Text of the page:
Every investor makes mistakes, even the most successful and legendary investors like Warren Buffett and Carl Icahn. More importantly, there are some common investor’s mistakes that are often repeated.

Learn from common investor's mistakes

All investors make mistakes while investing in stocks and mutual funds, so if any investor claims that he has never made any mistake, he is not an investor.

A true investor first admits that he has committed a mistake, learns the desired lesson from his mistake so that he does not repeat the same mistake in the future and then moves on to make more investments.

More importantly, some investment mistakes can be very costly, even will ruin your retirement plan.

So, here are the most common investor’s mistakes to avoid.

Lack of a Plan

This is a critical mistake. If you don’t have a plan, how do you know you’ve reached your destination?

Too often, people tend to invest into stocks, ETFs and property market but there is no right investment plan or a strategy.

So, the investors should have a personal investment plan with 3 key things.

First you must set the goals and objectives. Find out what you’re trying to accomplish. Accumulating certain money amount for your kid’s college education or a larger amount for retirement at age 60?

The second thing is risks. What risks are relevant to you or your portfolio? If you are young, volatility shouldn’t be a meaningful risk.

Third is asset allocation and diversification. Decide what percentage of your total portfolio you’ll allocate to local and overseas stocks, bonds, or other investment tools. Allocating to different asset classes is a must to minimize your investment risk.

Besides, your asset allocation should accomplish your goals while addressing relevant risks. And don’t forget the final goal and keep reminding yourself to stick to the plan.

Making Emotional Decisions

One of the most common investor’s mistakes is making emotional decisions. Emotions can over-ride important factors in the investment decision process like rational reasoning, common-sense and logic. Your fears and emotional desires can lead you to make irrational, illogical investment choices and they can prevent you from making smart decisions.

Some ways that investors can avoid making emotional decisions is to not look at their accounts on a daily basis. It is known that people feel losses twice as worse than they feel gains. Thus, at the sight of losses, their inclination is to sell to avoid further losses.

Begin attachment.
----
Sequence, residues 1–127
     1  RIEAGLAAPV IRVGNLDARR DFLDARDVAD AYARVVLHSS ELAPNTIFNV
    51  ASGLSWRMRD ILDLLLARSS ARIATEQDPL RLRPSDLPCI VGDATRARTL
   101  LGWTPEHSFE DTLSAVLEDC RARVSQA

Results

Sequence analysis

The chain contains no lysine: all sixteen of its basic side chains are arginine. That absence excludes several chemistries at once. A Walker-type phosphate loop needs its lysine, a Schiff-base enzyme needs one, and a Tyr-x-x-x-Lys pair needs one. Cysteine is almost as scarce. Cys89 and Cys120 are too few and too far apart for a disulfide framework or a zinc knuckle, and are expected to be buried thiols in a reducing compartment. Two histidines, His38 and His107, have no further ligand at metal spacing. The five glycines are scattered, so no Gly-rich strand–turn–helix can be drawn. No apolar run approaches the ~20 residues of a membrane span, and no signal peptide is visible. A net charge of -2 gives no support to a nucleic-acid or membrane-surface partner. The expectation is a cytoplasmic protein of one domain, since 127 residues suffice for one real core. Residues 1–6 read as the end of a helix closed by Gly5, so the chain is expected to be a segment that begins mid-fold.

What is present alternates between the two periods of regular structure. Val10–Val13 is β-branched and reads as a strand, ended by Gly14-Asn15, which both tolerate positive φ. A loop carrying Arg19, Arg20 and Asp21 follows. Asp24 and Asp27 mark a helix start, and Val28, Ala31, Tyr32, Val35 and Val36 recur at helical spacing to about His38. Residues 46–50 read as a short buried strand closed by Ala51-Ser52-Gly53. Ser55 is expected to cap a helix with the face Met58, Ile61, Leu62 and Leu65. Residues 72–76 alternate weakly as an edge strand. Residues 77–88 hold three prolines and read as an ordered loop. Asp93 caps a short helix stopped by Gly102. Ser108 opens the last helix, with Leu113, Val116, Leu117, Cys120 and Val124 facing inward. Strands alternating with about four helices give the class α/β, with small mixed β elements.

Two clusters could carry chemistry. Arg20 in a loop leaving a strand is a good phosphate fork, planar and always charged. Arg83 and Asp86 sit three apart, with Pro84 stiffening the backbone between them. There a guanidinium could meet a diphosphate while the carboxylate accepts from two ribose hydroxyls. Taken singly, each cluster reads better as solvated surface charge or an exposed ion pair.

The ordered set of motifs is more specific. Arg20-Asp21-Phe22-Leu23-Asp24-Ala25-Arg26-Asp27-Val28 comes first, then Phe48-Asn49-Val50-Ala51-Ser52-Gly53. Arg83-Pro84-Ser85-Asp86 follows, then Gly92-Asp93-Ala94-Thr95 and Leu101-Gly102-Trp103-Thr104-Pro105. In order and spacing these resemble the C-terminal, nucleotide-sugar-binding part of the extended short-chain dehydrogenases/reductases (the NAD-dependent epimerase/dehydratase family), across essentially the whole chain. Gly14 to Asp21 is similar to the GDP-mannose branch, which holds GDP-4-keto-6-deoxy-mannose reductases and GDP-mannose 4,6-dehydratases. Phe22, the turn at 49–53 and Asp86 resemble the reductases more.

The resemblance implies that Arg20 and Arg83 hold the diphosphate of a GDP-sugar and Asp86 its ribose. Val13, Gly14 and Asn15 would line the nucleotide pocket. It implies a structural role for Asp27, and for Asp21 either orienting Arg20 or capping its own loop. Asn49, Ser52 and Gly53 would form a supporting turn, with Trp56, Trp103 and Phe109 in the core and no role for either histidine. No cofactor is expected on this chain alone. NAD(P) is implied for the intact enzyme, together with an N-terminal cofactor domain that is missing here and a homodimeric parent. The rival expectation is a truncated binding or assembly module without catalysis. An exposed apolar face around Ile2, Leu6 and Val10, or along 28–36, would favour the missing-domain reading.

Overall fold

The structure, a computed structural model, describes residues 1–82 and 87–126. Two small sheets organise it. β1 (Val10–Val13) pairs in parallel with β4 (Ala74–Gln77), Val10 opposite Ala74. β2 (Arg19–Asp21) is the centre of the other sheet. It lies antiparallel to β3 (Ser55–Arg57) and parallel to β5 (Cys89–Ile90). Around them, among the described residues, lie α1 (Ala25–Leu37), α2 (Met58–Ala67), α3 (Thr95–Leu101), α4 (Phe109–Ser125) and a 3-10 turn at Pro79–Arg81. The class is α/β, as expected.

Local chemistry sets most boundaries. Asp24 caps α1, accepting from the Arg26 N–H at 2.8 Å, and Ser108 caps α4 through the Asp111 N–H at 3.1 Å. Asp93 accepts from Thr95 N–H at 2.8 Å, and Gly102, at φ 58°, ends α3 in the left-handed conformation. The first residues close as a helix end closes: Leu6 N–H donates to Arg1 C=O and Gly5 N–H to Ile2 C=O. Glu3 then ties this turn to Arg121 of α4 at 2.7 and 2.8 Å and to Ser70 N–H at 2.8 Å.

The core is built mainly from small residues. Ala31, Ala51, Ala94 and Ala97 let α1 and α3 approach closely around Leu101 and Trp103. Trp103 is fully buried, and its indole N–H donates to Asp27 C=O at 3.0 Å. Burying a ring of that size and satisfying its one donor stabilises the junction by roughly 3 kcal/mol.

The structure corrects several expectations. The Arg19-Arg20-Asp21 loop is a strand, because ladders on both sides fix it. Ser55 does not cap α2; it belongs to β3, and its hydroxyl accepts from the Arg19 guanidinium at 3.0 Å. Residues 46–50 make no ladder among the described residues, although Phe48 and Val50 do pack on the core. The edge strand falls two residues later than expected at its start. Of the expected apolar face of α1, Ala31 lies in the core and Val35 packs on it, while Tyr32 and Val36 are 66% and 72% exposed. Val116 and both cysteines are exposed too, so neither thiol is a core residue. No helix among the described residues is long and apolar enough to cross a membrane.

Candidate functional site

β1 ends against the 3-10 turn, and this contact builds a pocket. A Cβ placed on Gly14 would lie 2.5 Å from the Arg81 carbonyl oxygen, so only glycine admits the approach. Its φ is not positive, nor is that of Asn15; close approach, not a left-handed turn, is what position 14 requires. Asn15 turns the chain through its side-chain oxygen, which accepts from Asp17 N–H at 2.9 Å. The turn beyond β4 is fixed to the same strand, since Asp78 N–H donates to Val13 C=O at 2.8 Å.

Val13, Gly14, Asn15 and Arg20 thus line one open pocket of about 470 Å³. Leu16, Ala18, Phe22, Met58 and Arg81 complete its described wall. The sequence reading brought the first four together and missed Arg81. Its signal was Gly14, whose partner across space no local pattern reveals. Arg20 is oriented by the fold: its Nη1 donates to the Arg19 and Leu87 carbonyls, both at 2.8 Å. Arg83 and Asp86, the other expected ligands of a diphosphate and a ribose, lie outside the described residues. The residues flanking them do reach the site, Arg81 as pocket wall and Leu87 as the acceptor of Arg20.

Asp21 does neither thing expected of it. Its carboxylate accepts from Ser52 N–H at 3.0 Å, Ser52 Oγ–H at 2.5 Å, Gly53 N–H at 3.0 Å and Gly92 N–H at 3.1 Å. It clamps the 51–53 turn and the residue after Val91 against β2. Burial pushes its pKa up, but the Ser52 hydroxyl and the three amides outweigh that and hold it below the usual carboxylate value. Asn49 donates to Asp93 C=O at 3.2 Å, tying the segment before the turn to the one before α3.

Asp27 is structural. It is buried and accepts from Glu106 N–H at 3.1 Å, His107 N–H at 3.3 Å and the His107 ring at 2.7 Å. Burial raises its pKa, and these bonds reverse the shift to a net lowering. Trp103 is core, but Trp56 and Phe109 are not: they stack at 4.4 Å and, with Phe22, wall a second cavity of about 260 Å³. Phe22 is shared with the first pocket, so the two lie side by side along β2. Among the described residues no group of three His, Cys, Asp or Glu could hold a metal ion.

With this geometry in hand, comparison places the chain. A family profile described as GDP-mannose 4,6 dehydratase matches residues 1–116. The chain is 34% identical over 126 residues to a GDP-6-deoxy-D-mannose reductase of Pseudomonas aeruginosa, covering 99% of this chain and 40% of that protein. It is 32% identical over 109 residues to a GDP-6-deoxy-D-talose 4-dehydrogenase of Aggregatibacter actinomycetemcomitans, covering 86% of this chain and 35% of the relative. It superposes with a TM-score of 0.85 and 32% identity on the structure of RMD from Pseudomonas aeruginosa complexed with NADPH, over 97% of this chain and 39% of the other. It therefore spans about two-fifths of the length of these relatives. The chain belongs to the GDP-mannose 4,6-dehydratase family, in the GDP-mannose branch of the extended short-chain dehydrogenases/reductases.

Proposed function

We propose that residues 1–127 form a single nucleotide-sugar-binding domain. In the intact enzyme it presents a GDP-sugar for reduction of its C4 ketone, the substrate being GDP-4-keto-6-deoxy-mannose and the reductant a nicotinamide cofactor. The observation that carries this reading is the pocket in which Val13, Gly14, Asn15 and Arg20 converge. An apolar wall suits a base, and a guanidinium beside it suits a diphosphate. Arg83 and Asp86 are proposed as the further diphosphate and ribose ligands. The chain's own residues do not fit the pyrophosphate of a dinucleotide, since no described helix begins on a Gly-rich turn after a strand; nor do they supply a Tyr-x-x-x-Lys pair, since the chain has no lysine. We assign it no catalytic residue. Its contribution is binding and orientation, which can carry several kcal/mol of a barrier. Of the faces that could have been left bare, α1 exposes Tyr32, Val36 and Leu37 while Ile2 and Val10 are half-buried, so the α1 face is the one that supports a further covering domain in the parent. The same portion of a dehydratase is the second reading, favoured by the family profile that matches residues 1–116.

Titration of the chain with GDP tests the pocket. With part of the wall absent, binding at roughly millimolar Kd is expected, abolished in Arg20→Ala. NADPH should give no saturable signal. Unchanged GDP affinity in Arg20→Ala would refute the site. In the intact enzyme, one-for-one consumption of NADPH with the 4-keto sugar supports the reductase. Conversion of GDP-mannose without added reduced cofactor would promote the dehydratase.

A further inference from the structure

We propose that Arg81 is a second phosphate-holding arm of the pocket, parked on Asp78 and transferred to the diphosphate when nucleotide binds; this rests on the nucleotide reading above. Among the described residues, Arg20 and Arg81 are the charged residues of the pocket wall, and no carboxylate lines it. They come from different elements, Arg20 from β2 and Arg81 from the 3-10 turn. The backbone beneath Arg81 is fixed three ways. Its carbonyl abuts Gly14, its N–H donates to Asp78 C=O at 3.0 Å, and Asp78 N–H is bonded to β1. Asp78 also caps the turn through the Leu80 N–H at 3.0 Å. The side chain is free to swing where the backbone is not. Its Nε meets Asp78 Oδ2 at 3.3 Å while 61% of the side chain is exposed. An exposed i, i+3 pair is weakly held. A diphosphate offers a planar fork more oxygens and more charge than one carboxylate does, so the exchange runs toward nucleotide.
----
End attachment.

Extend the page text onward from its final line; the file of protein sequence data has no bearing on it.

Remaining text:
It is so important to have and periodically review your allocation and financial plan to ensure they still fit your goals.

Listening to Investment Hype

With the rise of social media, there is now a quicker, more efficient way of gathering data to influence investors’ judgments. But the fact is that the information is overload and there are a lot of fake investment tips. 

Besides, most “experts” in social media platforms are confused by investing just like you, or if they’re confident. Outcomes are always probabilistic at best because the future will always be unpredictable. Nobody ever truly knows what will happen, including the experts.

Not Understanding the Downside

When you buy an investment, you should plan on worst-case scenarios occurring when you invest. It is true that past performance isn’t guaranteed to repeat, but it does give us an indication of what to expect on the downside.

So, it’s important to know how your investments performed during recessions, wars, terrorist attacks, and elections. And it’s happening now! The stock market is very volatile in these two years due to the international trade war and political uncertainties.

If you don’t understand the risks at the outset, you are more likely to react poorly during periodic market setbacks and get scared out of the market.


Most of these common investor’s mistakes can be avoided by having a clearly defined, long-term investment strategy. Before investing, you should develop a proper diversification strategy, a system for evaluating the performance of investments, and solidify your long-term investment goals.


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